-Also a factor in that sequence, team defence and forechecking, at least probably according to a lazy reporter: 

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-Like the Jason Pominville winner a couple of nights ago, the Leafs benefit, somehow, from that sequence, with James van Riemsdyk scoring a couple of minutes after the crazy sustained pressure from the Penguins. First of two on the night, on a beautiful pass from Nik Kulemin, who continues to play well.

-I thought earlier today that Dion Phaneuf might have to play 30 minutes for the Leafs to have a chance, and I was wrong. John-Michael Liles, to the eye, had a fairly good game. I’ll have to tally up scoring chance plus-minus numbers to get a good sense of where the added help came from, but the TSN broadcast lauded Phaneuf at the conclusion of the broadcast for good reason. He played with several partners in all situations. Now if the Leafs worked out that powerplay he may be able to get something going offensively. 

-Actually, Phaneuf didn’t play in all situations. Through the first two periods, him and Mike Kostka had started shifts exclusively in the offensive and neutral zones. Carl Gunnarsson and Mike Komisarek of all people had the bulk of the defensive zone starts, usually with the Grabovski line, usually against Malkin’s unit. I’ll have to check scoring chance numbers, but I don’t think Komisarek was lucky enough to be just a minus-four at evens in scoring chances in this one. Somehow, he was a +3 in the actual game, which I’m sure was totally undeserved.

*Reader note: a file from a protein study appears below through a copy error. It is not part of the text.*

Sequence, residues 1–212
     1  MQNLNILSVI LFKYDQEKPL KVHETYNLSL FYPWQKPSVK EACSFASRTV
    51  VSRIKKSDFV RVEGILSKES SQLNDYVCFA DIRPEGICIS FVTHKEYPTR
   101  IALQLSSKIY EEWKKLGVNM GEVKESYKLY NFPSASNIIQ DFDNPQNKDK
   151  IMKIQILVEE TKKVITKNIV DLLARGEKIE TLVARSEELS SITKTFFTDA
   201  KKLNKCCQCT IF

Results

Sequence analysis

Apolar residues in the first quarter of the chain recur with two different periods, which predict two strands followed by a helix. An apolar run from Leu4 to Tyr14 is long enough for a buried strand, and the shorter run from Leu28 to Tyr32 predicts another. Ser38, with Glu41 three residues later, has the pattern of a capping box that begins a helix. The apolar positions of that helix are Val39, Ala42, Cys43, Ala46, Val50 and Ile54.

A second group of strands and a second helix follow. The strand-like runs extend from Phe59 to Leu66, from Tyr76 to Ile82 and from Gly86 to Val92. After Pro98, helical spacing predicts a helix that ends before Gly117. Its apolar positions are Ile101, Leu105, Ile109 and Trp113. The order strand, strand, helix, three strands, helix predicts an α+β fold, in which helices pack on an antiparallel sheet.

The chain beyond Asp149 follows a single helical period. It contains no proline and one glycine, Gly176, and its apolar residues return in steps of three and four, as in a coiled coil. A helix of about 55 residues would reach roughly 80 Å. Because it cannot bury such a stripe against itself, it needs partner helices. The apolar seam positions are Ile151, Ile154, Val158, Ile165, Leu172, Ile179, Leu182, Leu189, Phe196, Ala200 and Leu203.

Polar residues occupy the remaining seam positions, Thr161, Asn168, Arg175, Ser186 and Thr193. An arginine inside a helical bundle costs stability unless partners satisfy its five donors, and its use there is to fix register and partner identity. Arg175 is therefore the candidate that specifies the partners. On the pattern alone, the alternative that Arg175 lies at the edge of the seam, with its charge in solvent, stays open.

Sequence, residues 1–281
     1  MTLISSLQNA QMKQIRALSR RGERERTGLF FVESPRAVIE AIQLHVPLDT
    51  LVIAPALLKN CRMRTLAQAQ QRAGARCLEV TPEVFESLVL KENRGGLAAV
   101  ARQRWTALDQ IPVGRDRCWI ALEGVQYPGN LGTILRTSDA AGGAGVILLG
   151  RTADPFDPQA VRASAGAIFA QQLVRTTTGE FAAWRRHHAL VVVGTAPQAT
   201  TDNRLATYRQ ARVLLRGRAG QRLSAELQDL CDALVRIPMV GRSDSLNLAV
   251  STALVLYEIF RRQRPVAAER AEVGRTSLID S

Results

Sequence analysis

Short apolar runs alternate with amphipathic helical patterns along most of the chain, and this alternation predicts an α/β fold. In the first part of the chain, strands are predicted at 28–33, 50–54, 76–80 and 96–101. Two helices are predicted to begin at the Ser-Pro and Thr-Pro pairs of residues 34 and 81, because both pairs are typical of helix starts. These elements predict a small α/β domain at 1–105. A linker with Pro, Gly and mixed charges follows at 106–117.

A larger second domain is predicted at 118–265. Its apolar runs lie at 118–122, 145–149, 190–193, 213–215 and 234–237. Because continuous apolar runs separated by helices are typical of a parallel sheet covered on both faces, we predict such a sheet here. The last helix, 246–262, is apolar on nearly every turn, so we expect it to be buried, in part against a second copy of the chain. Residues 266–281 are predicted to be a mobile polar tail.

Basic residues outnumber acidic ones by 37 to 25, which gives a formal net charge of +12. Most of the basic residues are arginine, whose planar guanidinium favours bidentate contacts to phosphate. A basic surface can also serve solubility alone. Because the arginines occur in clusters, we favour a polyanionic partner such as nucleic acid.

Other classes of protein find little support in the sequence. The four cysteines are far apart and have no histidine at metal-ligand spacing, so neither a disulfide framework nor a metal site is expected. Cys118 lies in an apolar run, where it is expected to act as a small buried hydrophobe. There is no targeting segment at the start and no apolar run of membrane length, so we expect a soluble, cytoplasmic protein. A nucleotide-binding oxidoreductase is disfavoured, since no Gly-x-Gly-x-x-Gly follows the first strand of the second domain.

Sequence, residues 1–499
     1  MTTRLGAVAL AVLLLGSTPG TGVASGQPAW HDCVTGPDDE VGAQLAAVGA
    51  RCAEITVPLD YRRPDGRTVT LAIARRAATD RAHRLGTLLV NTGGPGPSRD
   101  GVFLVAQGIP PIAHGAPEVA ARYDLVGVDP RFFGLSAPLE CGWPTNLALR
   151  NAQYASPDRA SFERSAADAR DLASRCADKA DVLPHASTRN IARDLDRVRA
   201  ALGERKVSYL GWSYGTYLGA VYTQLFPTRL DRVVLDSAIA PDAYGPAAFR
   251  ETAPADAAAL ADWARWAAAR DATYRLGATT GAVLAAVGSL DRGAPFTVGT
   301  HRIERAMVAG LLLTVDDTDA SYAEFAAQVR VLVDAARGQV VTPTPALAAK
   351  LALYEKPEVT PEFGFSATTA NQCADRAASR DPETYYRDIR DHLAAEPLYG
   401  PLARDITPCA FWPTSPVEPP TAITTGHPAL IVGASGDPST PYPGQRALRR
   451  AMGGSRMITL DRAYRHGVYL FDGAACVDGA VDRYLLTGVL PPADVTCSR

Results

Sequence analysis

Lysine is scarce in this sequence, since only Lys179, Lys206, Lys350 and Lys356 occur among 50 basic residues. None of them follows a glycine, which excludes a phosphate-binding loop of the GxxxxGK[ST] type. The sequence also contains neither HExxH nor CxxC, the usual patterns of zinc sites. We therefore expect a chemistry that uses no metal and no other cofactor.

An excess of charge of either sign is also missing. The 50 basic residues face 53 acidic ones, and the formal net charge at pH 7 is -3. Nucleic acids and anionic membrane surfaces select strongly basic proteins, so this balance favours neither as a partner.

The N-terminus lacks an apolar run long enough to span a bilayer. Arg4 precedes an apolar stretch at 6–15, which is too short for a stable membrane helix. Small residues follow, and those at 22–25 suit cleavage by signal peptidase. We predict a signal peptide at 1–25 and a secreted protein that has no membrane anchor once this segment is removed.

-The penalty-kill looks good. They’re playing the points tighter and not fronting. Having two guys who can win face-offs also helps. Carlyle has found another use for Tyler Bozak. 

-The powerplay looks bad. They generated seven chances, but five of those were 5-on-3. Again, the single goal at the end of the game from Bozak.

-Didn’t notice too much of Jake Gardiner, which has to be a good thing. He played mostly with John-Michael Liles, primarily in offensive situations and his ice-time was fairly limited in the third period. He was the only defenceman the Leafs dressed who didn’t spend time on the penalty-kill, and I think the Leafs’ performance in that aspect may have been the key to their victory. Well, that and the play of James Reimer.

-Joffrey Lupul was hurt in this one. Broken forearm, apparently. Got hit with a shot from Dion Phaneuf. That stings for him, and for the Leafs, because they aren’t exactly brimming with scoring wingers. I have to think van Riemsdyk or MacArthur will get a tryout on that top line. Not the biggest Lupul fan here, but that’s a bummer for him.

-Again, 19 scoring chances against Toronto tonight. Some reporters and broadcasters will credit defence, but the main reason the Leafs won this one was goaltending.

Leafs individual scoring chance performances:

  Chances Taken Set Up Total
Clarke MacArthur 3 1 4
Phil Kessel 3 1 4
Dion Phaneuf 2   2
James van Riemsdyk 2   2
Nik Kulemin 1 1 2
Mikhail Grabovski 1 1 2
Tyler Bozak 1   1
Mike Kostka 1   1
Nazem Kadri   1 1

Penguins’ individual:

  Chances Taken Set Up Total
Sidney Crosby 2 4 6
James Neal 4 1 5
Evgeni Malkin 2 1 3
Brandon Sutter 2   2
Tyler Kennedy 2   2
Chris Kunitz 1 1 2
Simon Despres 1 1 2
Matt Niskanen 1   1
Paul Martin 1   1
Pascal Dupuis 1   1
Matt Cooke 1   1
Eric Tangradi 1   1
Kris Letang   1 1

Team breakdown:

  1st 2nd 3rd Total
TOR (EV) 2 (2) 7 (3) 5 (2) 14 (7)
PIT (EV) 4 (2) 8 (7) 7 (4) 19 (13)

Three Stars

  1. James Reimer
  2. James van Riemsdyk
  3. Evgeni Malkin